I personally don't like to call people "alcoholics" any more than I would call someone a "diabetic", an "autistic", a "schizophrenic", and/or a "depressive". It is more correct to say that this is a person suffering from diabetes, or schizophrenia, or alcoholism. The disease is not the primary attribute of the person's identity. It is a disease that the person is suffering from. The problem is the problem, the person is not the problem. It is important for us to use appropriate language because it has implications for understandings and for functioning.
Friday, February 27, 2009
Jerry Moran, the Director of Family Services at the Genesee County Department of Social Services reported that:
7,000 out of approximately 60,000 people or 12% in Genesee County are on Medicaid. Many of these folks are working.
In addition, GCDSS handles about 1,800 requests per year for food stamps and 3,000 requests for heating assistance.
Here is part of what is written in the article:
Moran said of the 7,000 Genesee County residents who received Medicaid benefits in 2009, many are from working families and many of their children received their medical care through a related program, Child Health Plus. The 7,000 number represents about 12 percent of the county's population of about 60,000.
Moran said DSS handles about 1,800 requests per month for food stamp eligibility. About 3,000 property owners or renters receive Home Energy Assistance Program funds to offset their heating bills.
"We expect those numbers to go up," Moran said.
GCASA staff participate in the Interagency Council and one of its staff, Neil Bedford is the Council's Vice-President.
A: comprehensive assessment, evaluation, screening
B: screening, comprehensive assessment, evaluation
C: screening, evaluation, comprehensive assessment
D: evaluation, screening, comprehensive assessment
For the answer click on comments. while you're there, leave a comment of your own.
I asked GCASA staff what they thought about working at GCASA? How are we doing from a human resources management perspective. I got some interesting feedback.
One employee said that she is amazed at the number of employees who came to GCASA right out of college and who have stayed here for a number of years because of the work opportunities to try new things, grow in their jobs, and professional develop in the agency.
I asked Kim Corcoran, GCASA's Director of Human Resources, to do a little research on the longevity and here is what she found out.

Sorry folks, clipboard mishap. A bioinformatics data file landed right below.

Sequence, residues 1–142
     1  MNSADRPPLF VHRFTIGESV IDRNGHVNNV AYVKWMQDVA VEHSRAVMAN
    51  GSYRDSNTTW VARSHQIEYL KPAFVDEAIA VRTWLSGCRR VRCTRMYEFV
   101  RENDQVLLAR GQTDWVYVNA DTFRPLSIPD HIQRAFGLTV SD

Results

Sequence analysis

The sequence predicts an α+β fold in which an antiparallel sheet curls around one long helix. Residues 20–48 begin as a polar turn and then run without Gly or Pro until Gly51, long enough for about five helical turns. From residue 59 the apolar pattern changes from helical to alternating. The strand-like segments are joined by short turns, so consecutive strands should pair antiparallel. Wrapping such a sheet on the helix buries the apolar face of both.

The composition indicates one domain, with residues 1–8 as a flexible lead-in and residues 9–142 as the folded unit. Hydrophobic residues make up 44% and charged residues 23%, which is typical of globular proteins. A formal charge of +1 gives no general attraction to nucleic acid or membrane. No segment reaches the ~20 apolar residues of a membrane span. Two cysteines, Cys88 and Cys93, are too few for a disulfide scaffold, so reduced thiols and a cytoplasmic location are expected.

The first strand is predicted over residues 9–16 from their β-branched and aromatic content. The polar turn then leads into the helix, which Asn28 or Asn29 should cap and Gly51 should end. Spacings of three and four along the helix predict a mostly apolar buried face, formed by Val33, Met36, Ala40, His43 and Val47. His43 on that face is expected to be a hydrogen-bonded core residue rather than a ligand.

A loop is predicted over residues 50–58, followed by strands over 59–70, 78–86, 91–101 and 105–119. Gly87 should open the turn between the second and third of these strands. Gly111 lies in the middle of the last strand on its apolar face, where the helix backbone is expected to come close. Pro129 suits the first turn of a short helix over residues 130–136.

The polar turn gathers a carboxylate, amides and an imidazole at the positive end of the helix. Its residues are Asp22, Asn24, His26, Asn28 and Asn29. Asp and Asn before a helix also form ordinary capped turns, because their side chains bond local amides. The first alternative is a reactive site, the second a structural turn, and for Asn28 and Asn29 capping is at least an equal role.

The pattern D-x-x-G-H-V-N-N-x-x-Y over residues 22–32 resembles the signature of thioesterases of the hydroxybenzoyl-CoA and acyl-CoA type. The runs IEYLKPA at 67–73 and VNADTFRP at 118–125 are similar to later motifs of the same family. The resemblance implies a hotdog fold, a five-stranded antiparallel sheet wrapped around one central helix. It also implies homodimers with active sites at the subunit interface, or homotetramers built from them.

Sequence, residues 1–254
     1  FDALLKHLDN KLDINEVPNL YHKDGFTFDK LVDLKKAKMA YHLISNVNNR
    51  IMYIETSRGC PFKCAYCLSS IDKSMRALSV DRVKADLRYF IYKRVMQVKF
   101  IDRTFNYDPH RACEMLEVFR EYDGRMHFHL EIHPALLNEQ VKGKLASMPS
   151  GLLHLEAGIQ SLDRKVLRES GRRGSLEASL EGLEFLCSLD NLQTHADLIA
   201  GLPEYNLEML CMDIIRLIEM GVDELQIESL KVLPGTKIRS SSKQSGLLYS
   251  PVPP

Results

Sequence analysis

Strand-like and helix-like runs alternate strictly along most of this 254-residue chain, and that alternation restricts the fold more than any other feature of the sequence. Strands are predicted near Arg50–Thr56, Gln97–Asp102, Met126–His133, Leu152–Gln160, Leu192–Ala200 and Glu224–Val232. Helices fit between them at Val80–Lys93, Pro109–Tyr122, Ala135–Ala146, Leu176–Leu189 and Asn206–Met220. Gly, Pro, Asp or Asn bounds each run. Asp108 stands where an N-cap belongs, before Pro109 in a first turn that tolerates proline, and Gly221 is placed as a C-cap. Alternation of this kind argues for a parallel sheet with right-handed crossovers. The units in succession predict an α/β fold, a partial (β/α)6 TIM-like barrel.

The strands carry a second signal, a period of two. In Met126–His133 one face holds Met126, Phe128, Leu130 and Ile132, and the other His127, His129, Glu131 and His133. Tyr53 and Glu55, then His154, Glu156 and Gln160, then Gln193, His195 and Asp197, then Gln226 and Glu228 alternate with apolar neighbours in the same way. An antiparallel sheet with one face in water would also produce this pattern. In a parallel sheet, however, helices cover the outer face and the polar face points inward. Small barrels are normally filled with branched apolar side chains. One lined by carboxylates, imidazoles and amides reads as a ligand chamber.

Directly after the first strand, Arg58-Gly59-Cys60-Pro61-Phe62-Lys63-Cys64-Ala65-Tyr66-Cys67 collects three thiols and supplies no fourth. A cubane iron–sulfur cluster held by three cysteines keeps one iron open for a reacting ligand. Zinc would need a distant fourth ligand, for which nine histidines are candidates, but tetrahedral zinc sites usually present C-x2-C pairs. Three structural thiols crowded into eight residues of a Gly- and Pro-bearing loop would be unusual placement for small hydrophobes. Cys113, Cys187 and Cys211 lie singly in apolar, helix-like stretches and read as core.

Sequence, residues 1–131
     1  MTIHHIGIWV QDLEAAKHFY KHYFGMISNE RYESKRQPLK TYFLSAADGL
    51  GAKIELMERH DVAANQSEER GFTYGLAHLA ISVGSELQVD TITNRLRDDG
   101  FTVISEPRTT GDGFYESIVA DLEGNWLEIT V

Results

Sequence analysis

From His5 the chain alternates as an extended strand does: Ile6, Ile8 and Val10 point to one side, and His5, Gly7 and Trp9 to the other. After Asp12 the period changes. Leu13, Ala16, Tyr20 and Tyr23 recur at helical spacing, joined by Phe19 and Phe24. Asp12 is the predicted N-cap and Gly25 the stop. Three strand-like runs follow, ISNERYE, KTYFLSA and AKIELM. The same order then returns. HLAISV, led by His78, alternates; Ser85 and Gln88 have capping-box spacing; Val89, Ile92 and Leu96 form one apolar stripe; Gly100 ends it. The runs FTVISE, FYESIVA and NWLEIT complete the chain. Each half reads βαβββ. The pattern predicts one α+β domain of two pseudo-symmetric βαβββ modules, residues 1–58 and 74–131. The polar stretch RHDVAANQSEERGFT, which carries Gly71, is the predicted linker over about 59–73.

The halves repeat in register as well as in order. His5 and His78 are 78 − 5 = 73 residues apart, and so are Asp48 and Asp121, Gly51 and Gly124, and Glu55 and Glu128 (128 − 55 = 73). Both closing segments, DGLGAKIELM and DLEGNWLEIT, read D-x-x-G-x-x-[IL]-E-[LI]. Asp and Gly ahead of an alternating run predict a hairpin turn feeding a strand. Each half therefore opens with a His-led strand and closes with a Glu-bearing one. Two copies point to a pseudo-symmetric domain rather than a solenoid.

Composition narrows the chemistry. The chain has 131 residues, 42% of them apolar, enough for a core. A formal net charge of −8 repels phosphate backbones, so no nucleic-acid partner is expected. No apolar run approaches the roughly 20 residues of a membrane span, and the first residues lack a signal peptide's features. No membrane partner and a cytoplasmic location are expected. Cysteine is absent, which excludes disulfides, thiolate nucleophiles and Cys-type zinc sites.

Out of 97 employees, 37% or 36 have been at GCASA 6 years or longer.
Out of 97 employees, 9% or 9 have been at GCASA 11 years or longer.
Out of 97 employees, 6% or 6 have been at GCASA 16 years or longer.
I don't know how this compares to other community based non-profit substance abuse agencies, but it strikes me as unusually good. Having long term dedicated employees enables GCASA to provide high quality, caring services to its clients and referral agents.
Recently, I have heard of a lot of other agencies which have had high turnovers of staff which is very disruptive to clients, agency operations, and collaborative relationships with other providers.
GCASA can be very proud of creating work environments and work teams where people are engaged, enthusiastic, and care about their work.
Thursday, February 26, 2009
A: about half
B: about 3/4
C: about 2/3
D: about 1/3
To find the answer click on comments. While you're there leave a comment of you own.
I usually had nothing to say to her. I was at a loss for words. But my mother taught me to be my own person and listen to my own inner voice. I have always been skepical of other's ideas. Being the oldest of 5 children, I am the leader, not the follower.
Watch this video. It only takes 0:31. You'll get the point.
CBS News reported on 2/24/09 that NFL Hall of Famer, Carl Eller, was sentenced to 60 days for DWI. Here's the report:
A National Football League hall of famer is going to be spending time behind bars. Former Minnesota Vikings great Carl Eller Monday was sentenced to 60 days in the Hennepin County workhouse for driving while intoxicated and assault. That assault involved an altercation with a couple of police officers who followed Eller to his home last April after observing his erratic driving.After getting out of the workhouse, which is an adult corrections facility, Eller will be have 60 days of electronic home monitoring. He’ll also have to get chemical dependency treatment and pay a three-thousand dollar fine.In announcing the sentence Monday, Judge Dan Mable ordered Eller immediately taken into custody.